From 4 October till 3 March 2018 an amazing temporary exhibition at Welcome Collection will tell you about the role of our environment and buildings, and how place where do we live efforts on our mental and physical health (negative or positive). The material from which our houses are made, the color, the sanitised conditions – all of this affects our mood and health.
The buildings we live affect how we sleep, breath, adapt in society, how much we love ourselves (our self-confidence). Surrounding buildings also affect our mental state, whether we live inside or if they are just part of our environmental. The exhibition starts from Victorian London (since the 19 century), manuscript of Charles Dickens’ “Oliver Twist” (“that nothing effectual can be done for the elevation of the poor in England, until their dwelling places are made decent and wholesome”), through World War II (modernism, new buildings and high-rise blocks) to the present time with designs for garden cities and ideal villages. Some posters from exhibition tell you “Bad environment causes ill health. Good environment is the basis of health”.
I was more impressed with Chris Dowley-Brown work about Lincoln Court (1987-2011). How Hackney place buildings changed for 35 years. He looks photo of same building from the same perspective, decades apart.
1987. 14 floors building with big windows without balcony staying on his “legs”. Grey concrete building with yellow bottom. Building looks nice with the exception of strange way how windows open. I find out from Flickr website (https://www.flickr.com/photos/chrisdb1/3212296685) what Charlene Riskz said about this: “My aunt and uncle used to live in those when they were the old style. The most dangerous windows you could ever imagine. As a kid we used to hang out of them but if you lent on one and it happened to be open.. then you would be out the window. And they lived on the top floor (15th)” .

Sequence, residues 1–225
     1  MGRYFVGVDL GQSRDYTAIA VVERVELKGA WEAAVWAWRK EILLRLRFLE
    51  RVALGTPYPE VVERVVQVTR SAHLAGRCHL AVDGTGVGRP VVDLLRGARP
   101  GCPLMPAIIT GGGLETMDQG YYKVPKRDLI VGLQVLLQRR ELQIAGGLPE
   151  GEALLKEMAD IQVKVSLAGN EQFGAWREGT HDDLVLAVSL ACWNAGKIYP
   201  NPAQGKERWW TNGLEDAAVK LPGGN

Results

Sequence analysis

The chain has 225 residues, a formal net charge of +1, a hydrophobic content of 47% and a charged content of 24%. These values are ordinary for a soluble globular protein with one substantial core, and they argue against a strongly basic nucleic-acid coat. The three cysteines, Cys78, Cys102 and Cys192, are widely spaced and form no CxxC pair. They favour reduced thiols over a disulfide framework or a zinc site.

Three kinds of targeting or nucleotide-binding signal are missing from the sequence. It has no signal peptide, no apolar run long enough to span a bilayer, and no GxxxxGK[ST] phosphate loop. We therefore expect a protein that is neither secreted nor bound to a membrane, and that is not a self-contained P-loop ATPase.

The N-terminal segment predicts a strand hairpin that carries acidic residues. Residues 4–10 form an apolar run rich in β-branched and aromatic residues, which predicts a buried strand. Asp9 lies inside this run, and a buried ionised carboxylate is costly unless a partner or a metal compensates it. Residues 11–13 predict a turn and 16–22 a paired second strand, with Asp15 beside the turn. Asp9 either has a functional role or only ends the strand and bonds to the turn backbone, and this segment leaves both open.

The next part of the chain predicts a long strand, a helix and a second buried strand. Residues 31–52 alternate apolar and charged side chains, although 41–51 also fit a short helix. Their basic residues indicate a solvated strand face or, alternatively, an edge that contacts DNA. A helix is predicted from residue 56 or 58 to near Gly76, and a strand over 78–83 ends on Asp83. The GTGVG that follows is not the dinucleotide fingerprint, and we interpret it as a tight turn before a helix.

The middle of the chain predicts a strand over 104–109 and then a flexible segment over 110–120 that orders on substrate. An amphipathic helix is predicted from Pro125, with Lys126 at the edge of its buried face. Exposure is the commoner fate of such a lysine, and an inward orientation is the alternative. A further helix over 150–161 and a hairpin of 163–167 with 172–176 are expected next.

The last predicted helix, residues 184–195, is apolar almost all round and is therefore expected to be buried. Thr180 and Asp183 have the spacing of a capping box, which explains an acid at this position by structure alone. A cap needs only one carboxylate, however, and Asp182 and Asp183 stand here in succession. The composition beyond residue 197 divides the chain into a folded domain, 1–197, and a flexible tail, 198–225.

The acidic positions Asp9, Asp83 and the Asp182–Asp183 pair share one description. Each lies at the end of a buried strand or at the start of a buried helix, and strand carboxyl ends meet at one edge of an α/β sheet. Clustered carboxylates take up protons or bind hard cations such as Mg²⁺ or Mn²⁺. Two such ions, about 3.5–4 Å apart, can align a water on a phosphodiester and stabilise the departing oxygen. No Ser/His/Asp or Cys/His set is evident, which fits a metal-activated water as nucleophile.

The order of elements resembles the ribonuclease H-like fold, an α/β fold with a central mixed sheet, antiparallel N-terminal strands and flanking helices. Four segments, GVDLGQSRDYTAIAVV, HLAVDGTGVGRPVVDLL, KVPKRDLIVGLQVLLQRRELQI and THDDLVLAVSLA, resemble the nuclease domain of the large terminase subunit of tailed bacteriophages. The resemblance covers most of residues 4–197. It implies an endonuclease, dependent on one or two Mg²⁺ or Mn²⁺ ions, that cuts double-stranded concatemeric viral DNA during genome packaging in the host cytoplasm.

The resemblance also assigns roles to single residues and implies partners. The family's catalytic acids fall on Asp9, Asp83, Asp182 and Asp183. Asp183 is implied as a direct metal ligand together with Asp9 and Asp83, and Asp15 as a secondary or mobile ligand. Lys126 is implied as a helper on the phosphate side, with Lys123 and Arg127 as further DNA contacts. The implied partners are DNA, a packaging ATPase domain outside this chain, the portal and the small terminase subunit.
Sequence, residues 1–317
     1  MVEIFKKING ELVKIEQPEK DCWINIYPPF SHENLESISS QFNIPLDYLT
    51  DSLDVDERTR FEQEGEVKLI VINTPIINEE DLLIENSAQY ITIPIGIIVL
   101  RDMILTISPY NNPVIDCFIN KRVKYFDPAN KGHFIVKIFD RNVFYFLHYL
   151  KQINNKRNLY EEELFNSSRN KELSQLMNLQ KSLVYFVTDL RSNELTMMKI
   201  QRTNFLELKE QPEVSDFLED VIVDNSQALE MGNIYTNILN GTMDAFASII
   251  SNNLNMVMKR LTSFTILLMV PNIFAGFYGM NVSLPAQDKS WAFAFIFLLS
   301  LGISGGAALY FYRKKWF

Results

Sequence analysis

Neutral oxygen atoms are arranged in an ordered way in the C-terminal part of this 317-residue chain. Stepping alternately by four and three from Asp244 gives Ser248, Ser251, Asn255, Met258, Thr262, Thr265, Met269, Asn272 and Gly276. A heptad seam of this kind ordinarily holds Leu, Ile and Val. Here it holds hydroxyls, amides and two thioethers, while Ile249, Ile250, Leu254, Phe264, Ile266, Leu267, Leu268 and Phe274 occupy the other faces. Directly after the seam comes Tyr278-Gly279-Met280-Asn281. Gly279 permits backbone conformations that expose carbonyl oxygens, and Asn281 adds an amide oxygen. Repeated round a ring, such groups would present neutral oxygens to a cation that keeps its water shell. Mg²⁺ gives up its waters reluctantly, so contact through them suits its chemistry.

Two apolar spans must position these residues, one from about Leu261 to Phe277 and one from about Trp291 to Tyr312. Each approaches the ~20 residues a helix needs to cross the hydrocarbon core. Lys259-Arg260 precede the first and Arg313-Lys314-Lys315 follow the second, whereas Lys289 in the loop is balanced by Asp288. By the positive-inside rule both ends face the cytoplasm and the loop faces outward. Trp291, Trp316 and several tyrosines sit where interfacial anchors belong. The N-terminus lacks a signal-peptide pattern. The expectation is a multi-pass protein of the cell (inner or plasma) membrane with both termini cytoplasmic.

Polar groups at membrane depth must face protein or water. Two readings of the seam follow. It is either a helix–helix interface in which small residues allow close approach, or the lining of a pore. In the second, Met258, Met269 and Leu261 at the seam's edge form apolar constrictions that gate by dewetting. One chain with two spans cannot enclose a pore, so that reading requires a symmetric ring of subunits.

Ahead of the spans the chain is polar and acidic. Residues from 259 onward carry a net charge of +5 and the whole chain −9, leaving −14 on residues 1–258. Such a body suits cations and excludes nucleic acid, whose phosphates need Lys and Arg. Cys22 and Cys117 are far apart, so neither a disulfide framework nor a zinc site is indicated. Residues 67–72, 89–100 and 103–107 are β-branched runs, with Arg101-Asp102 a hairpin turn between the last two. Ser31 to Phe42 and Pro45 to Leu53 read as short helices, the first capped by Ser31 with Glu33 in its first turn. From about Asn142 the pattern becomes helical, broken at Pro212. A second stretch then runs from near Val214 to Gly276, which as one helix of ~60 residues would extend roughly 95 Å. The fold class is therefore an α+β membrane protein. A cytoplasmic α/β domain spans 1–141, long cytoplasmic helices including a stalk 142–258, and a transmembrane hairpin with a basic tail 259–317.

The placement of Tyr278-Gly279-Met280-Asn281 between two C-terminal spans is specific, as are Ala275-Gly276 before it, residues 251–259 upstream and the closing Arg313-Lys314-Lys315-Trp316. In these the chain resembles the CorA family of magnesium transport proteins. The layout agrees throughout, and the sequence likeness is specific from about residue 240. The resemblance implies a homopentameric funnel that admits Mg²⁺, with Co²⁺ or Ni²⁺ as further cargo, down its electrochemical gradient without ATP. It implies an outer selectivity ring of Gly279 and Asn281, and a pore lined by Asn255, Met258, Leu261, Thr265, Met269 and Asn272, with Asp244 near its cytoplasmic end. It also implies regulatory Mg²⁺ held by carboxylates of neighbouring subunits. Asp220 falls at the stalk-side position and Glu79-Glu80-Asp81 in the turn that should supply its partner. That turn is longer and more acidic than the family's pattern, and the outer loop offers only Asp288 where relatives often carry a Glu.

2011. Tower have been renovated in major external changes.This has included the widespread application of cladding. Building looks quite the same from outside. There changes: bright yellow paint from bottom changed to red, and windows improved a lot. You might ask: why was it necessary to change the appearance of the building, if it looked better before the change? Ostensibly applied to improve weather-proofing and sound insulation, these treatment also veneered over the increasingly unpopular architecture of the postwar period. So building now looks more warm, safe and protected from soul outside no matter what the design has changed for the worse.
I would be quite depressed If I live there. Looks grey and boring, as huge buildings make you live like in cell.
In conclusion, I would say that idea of exhibition relevant in our time too. Some part of exhibiton are models of ideal villages which I think far away from reality. Anyway must have to visit.